MOLECULAR CHARACTERIZATION OF PATHOGENS AND THEIR RESPONSES TO ENVIRONMENTAL FACTORS
Location: Molecular Characterization of Foodborne Pathogens
Title: Comparison of the H7 latex agglutination test with a fliCh7 real-time PCR assay for confirmation of the H type of Escherichia coli O157:H7
Submitted to: Journal of Food Protection
Publication Type: Peer Reviewed Journal
Publication Acceptance Date: May 11, 2009
Publication Date: October 1, 2009
Citation: Narang, N., Fratamico, P.M., Tilman, G., Pupedis, K., Cray Jr, W.C. 2009. Comparison of the H7 latex agglutination test with a fliCh7 real-time PCR assay for confirmation of the H type of Escherichia coli O157:H7. Journal of Food Protection. 72(10):2195-2197.
Interpretive Summary: Escherichia coli O157:H7 is an important food-borne pathogenic bacterium that causes serious diseases, including hemorrhagic colitis and hemolytic uremic syndrome. Rapid detection and accurate identification of this pathogen is critical to prevent contaminated food from reaching the consumer. Positive identification of E. coli O157:H7 isolated from food is made using biochemical tests to identify the bacterium as E. coli and by a test known as latex agglutination using antibodies that react with the H7 component of the bacterium. However, some E. coli O157:H7 strains isolated from food give a false negative reaction for the H7 component, and thus, these strains cannot be identified as O157:H7. Therefore, a more accurate and reliable test to identify H7 is needed. A commonly used H7 latex agglutination test was compared with a polymerase chain reaction assay (PCR), which targets the gene (fliCh7) that is responsible for production of the H7 component for identification of H7 in E. coli O157:H7 strains. The PCR assay showed 100% agreement with the H7 status reported for reference strains and E. coli O157:H7 meat isolates; however, 42% (42/100) of the E. coli O157:H7 meat isolates were not identified as H7 by the latex agglutination test. In summary, the PCR test described in this paper, which targets the E. coli fliCh7 gene, can be used to rapidly identify strains that possess the H7 component and to confirm E. coli O157:H7 isolates that show a negative H7 agglutination reaction. Accurate identification of E. coli O157:H7 strains recovered from food will prevent food contaminated with this pathogen from reaching the consumer.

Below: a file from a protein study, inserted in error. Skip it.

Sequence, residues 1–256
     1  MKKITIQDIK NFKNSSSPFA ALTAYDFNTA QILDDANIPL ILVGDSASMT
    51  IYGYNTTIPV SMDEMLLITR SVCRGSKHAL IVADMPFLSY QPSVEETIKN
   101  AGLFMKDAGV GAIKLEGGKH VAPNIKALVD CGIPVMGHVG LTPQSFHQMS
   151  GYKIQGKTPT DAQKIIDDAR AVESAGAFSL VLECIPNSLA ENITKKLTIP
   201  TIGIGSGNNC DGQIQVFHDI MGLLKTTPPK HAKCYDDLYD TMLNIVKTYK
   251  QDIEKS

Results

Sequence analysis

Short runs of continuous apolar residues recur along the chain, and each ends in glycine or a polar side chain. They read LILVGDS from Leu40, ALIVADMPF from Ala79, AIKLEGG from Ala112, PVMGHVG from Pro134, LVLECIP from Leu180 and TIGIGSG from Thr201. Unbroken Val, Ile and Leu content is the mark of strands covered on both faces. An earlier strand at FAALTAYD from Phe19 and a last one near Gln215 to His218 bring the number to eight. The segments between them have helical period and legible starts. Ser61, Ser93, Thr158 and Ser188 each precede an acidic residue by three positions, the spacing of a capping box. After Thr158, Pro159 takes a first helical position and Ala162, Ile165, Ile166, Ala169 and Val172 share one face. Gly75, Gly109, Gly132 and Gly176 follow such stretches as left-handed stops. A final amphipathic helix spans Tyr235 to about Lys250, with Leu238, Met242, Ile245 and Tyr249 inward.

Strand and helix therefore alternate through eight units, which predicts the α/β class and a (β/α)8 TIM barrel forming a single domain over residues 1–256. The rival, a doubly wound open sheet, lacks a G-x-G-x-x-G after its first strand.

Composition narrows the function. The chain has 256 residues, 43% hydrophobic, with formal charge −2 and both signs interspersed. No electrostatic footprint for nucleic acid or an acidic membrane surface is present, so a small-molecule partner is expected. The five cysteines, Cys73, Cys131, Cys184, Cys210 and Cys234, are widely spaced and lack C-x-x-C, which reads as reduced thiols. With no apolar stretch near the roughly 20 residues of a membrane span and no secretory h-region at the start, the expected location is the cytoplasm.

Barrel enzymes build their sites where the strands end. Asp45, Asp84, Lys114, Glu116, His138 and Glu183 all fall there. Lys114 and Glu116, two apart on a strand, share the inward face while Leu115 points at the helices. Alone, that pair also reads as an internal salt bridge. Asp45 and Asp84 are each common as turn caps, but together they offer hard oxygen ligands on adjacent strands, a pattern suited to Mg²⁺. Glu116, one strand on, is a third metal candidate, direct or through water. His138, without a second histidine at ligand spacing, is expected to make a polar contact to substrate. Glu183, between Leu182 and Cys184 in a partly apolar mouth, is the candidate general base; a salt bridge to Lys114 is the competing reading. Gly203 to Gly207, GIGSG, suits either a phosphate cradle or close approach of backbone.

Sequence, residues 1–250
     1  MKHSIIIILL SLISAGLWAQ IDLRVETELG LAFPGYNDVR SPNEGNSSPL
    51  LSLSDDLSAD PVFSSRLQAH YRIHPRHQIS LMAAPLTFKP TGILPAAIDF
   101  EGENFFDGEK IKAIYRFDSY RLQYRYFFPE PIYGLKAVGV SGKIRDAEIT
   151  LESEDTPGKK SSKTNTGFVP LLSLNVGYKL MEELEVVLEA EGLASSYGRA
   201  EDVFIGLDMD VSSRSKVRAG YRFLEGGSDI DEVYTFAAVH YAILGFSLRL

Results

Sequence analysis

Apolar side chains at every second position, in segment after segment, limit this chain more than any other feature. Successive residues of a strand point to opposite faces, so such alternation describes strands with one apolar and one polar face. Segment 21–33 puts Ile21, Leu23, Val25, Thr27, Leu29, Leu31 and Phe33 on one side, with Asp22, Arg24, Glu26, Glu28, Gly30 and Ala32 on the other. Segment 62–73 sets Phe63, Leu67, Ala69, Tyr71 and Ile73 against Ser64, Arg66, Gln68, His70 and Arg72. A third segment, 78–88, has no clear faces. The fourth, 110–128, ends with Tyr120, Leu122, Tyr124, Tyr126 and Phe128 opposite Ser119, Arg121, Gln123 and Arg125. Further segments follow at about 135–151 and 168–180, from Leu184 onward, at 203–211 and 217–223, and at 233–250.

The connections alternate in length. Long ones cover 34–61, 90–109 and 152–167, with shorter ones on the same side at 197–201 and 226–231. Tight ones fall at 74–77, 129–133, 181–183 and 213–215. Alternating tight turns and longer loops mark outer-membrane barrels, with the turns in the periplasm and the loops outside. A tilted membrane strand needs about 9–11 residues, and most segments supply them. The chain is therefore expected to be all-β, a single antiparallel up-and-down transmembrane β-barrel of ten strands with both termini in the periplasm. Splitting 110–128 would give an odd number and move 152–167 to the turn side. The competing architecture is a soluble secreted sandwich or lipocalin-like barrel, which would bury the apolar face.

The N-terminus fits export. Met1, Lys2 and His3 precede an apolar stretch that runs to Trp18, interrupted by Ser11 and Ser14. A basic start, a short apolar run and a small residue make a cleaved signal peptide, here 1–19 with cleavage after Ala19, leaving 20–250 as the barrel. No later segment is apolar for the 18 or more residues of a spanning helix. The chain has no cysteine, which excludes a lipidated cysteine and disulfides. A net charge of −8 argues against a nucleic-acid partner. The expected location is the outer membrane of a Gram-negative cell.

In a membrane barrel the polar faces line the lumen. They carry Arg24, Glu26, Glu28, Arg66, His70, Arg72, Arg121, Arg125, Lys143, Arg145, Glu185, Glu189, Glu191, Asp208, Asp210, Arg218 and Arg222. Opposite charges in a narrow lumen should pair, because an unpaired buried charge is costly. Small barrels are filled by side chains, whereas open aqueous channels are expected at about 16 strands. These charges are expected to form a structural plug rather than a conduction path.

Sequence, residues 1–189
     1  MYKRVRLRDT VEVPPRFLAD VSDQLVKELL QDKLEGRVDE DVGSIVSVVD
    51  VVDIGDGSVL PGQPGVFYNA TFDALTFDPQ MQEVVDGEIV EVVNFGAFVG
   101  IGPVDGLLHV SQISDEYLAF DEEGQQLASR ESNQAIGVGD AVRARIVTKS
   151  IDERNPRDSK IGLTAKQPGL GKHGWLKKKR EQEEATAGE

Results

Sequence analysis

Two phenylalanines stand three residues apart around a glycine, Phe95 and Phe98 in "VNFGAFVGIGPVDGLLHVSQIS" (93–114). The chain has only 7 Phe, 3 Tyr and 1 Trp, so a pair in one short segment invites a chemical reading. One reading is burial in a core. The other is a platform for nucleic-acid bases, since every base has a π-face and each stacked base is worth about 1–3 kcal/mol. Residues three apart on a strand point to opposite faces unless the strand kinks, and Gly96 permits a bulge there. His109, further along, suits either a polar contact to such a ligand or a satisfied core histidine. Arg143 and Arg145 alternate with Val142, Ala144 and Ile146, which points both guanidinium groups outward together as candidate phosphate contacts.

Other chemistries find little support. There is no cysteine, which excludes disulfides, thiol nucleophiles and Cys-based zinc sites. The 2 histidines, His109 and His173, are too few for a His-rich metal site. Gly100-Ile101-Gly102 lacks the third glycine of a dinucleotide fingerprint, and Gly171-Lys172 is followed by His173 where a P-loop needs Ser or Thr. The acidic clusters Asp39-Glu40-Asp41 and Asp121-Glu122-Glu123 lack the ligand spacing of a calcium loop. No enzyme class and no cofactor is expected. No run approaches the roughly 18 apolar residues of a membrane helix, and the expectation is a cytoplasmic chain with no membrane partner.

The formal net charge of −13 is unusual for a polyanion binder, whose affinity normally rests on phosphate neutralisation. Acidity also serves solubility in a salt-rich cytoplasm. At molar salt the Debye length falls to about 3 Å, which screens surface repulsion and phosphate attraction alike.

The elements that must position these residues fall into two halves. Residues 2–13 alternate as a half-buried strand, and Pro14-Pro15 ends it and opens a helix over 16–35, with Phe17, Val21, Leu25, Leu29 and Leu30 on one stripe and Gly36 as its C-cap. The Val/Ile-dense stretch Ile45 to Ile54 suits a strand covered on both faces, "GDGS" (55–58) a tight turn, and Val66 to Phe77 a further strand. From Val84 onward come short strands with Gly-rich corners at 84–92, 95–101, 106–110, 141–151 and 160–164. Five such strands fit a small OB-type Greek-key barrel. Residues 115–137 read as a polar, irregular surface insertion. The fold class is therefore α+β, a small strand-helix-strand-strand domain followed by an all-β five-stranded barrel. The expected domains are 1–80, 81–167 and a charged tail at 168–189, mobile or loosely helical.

Escherichia coli O157:H7 is a food-borne pathogen that causes hemorrhagic colitis and hemolytic uremic syndrome. Positive identification of E. coli O157:H7 is made using biochemical tests and latex agglutination using specific antisera. However, under certain conditions, some E. coli O157:H7 isolates can appear to be non-reactive with H7 antisera and may require multiple passages on motility medium to restore H7 antigenicity. In the present study, we compared latex agglutination with a real-time PCR test to detect the presence of the H7 antigen or the fliCh7 gene, respectively, in E. coli O157 isolates. One hundred and twenty-six E. coli strains were tested including reference strains and strains isolated from meat. Four non-E. coli strains were also tested. All strains were analyzed in parallel by a commercial latex agglutination test and by real-time PCR using primers and a probe targeting the fliCh7 gene. The real-time PCR assay targeting the E. coli fliCh7 gene showed 100% agreement with the H7 status reported for reference strains and E. coli O157:H7 meat isolates. The latex agglutination test results agreed with the H7 status reported for the E. coli O157:H7 reference strains and non-O157, H7 strains, except for one, E. coli O117:H7; however, 42% (42/100) of the E. coli O157:H7 meat isolates tested negative for the H7 antigen by latex agglutination. Therefore, the real-time PCR test can be used to confirm E. coli O157:H7 strains that show negative H7 agglutination test results.